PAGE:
“Fix reason firmly in her seat, and call to her tribunal every fact, every opinion. Question with boldness even the existence of a God; because, if there be one, he must more approve of the homage of reason, than that of blindfolded fear.” Thomas Jefferson writing from…Charlottesville, VA.
I never thought I would live to see our nation in this much chaos and dissension. Seems those fumes of the Founders and the Enlightenment are mere vapors today.
In the early 1980’s, I began (haphazardly and randomly at first) studying Eastern philosophy as a teenager. Upon completing “Atlas Shrugged” by Ayn Rand in 1984 I had fully converted and transformed myself into an autodidact, but one whose entire interest was the Enlightenment, Aristotle, Locke and those other historical figures who so best and bravely embodied and fought for their belief in reason and individualism over collectivism, hearsay, nihilism and disbelief in an objective reality.
Looking back, it was a comfortable armchair discursion and exercise: even as recently as the early 90’s, in the heyday of Fukuyama’s claim of “The End Of History,” it was apparent to all–including my younger self–that Western values had won, specifically coinciding with the collapse of the Soviet Union and the incredible, symbolic destruction of the Berlin Wall, a metaphor for the West’s triumph if there ever was one. All we had to do was ideologically build on the triumph and the rest of the world would, naturally and through the laws of causality, fall into place.
Now, here we are–and I am–in 2017, on the brink of a very real nuclear showdown with North Korea, facing Islamic terrorism and dealing with crazed, extremist lunatics both on the Right and the Left in the hometown of Thomas Jefferson.
I call it “Nightmerica.” What to do?
Robert Tracinski, a longtime Objectivist and current writer for The Federalist (and someone who would probably take my call at anytime as he has in the past) wrote the following about the riots in his hometown of Charlottesville very recently:
“The two sides are mirror images of each other, and both have an interest in making our politics devolve into street fighting. Both sides have also been priming their people to be ready to kill for the cause, and it appears that (alt-right leader Richard) Spencer’s gang got there first, with one of his followers ramming his car into a crowd and killing a young woman.
The ominous implication of this weekend’s riots is that we are letting our politics descend into a brutal, unprincipled, physical brawl between two illiberal caricatures—which drowns out real debates over opposing ideas and marginalizes any unifying principles that we might draw on as reasons not to just kill each other.
The Left has been doing this by styling themselves as revolutionaries and ‘the Resistance,’ and by indulging its young ‘antifa’ anarchists—Communist ‘anti-fascists’ who behave a lot like fascists, employing rioting and street battles as their main form of political activism. On the Right, the problems are summed up in President Trump’s lame statement on Charlottesville. Claims that Trump was somehow excusing white nationalism are overblown, given that he also condemned ‘bigotry.’ But his only answer was a series of vague bromides about national unity and loving each other—a solution he has never managed to practice and for which he cannot be a credible advocate.”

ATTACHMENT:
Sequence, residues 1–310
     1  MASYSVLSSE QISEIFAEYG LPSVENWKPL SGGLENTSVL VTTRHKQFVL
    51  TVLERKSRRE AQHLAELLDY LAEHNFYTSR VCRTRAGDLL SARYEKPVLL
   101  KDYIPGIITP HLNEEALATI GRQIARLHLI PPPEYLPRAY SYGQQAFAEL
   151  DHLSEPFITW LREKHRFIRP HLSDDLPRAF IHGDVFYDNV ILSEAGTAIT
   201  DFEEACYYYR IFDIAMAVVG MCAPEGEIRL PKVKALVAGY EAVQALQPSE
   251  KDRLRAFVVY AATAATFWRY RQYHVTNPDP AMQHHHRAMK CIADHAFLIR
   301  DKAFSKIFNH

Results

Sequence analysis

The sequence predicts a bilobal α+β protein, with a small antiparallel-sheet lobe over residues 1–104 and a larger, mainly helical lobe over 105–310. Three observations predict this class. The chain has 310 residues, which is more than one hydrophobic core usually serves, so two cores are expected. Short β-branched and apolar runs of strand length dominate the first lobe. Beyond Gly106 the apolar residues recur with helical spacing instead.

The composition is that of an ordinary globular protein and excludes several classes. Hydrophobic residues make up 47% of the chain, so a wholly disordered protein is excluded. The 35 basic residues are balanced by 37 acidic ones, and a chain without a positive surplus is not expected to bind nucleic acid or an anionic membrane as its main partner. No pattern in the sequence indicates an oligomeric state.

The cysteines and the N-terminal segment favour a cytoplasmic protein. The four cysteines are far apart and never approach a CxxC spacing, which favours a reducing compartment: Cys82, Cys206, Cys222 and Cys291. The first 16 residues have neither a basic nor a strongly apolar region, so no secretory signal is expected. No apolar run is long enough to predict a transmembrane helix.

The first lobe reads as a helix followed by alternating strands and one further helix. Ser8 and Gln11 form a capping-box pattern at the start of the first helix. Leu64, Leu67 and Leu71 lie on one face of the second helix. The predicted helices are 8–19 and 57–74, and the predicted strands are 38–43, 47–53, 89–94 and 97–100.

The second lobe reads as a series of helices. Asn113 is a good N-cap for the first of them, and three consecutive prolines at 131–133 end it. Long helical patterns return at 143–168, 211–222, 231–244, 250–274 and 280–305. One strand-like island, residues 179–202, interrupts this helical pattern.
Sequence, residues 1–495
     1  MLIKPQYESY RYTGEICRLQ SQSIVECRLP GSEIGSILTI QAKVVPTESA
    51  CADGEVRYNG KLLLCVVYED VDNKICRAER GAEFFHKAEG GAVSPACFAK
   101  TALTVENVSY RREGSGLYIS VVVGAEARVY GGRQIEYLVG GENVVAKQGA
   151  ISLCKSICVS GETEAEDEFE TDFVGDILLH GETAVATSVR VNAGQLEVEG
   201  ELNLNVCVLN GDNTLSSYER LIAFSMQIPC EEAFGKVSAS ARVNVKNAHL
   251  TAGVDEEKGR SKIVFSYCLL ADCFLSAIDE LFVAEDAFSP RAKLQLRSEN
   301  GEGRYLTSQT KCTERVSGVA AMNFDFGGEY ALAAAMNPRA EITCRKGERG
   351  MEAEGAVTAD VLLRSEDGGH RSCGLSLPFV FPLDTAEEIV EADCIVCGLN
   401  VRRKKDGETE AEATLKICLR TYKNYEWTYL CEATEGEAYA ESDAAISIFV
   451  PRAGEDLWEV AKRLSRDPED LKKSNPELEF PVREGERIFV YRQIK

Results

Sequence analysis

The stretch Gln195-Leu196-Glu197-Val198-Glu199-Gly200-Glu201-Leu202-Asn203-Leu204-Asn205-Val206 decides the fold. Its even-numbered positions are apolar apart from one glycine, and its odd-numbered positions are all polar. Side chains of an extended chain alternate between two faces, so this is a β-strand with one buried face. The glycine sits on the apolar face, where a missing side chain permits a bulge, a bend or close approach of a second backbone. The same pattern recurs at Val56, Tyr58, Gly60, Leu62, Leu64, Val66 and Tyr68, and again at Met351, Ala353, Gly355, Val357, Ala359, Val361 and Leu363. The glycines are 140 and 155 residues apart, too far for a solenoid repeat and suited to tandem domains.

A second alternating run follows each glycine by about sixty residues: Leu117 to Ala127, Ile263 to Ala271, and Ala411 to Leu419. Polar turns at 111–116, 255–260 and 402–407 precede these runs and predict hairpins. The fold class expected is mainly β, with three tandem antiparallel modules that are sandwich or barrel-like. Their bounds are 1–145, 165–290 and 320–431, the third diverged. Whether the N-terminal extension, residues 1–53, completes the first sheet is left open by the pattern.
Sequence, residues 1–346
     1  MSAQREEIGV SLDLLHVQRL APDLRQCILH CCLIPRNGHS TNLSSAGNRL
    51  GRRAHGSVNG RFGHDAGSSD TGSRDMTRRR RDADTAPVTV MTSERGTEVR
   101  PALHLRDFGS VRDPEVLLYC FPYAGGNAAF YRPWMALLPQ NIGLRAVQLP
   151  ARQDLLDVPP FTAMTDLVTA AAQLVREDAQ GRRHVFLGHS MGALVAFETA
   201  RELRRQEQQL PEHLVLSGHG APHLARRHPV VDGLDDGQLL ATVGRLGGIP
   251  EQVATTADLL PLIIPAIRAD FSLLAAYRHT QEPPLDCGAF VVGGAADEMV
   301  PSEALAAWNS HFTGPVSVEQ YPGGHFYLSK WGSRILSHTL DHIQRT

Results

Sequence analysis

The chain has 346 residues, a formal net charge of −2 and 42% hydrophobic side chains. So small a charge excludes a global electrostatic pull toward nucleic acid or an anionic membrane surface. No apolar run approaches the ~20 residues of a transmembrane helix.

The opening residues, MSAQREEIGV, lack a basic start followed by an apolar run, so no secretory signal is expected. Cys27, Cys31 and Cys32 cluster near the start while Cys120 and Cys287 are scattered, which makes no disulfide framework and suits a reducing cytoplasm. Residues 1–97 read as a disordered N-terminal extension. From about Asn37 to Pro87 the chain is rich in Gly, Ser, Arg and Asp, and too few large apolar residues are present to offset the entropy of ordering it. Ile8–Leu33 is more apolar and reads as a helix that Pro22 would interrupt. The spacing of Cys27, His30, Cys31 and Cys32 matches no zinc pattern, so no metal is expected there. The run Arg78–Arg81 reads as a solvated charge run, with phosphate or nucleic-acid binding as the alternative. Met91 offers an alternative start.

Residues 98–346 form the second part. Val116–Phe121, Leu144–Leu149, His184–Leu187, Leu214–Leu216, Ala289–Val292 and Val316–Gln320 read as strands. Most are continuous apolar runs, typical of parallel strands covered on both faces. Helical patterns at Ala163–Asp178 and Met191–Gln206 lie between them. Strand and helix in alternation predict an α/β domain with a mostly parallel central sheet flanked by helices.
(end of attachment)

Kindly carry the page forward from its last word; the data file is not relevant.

I think Tracinski is correct in his observations. He’s echoing many of the same things I’ve been saying for several years.
So, again–What to do?
I’ve been beating the drum as an advocate of economic truth, reason, rationality, civility and calmness for years, mainly to a limited audience. I understand that.
But the majority of the citizens of the nation we reside in–these UNITED States–must realize that fringe groups and sick individuals are steering our country’s dialogue–with the assistance of a media wanting ratings and, let’s face it, absolutely thriving on dissension–to a point where there may indeed be no return.
Sometimes facts are uncomfortable but they must be faced as the true representations of reality.
What to do? Be kind to your neighbor. Black, white, Muslim–whatever. If they voted for Trump, so what? They’re not automatically racist contra Rachel Maddow or her liberal colleagues. Your neighbor has a portrait of Barack Obama in their house? Don’t get uptight. It is their right to admire who or what they want as long as no harm is inflicted upon your person regardless of what Sean Hannity may be ranting.
Study. Learn. Face facts that may be uncomfortable or that force you to admit you have been wrong in your thinking, if that’s the case.
I’m sorry to say but I fear that the days of reason, rationality and logical discussion are almost gone if more of us don’t do the above. Immediately. Nowadays it’s all about buzzwords, social media posts and fitting in with like-minded people, whether they are right or wrong, conservative or liberal, honest or deceitful. Truth–or adherence to reality–is taking a backseat to feeling. Add to all that the fact that there’s money in creating division: book deals, speaking engagements, media coverage, honorary degrees. You can cash in on the irrationality.
No one ever said logic was pain free. Or easy. Sometimes facts are uncomfortable but they must be faced as the true representations of reality.
Wishing, hoping–rioting–won’t make facts go away. Or help your cause du jour win out.
And the REAL fact is? This country’s citizens must become more reasonable and tolerant–in the sense that they respect other’s views, however repellent or wrong they might appear to them.
Otherwise, Charlottesville will be just a harbinger–and the “Long Hot Summer of ’67” a picnic.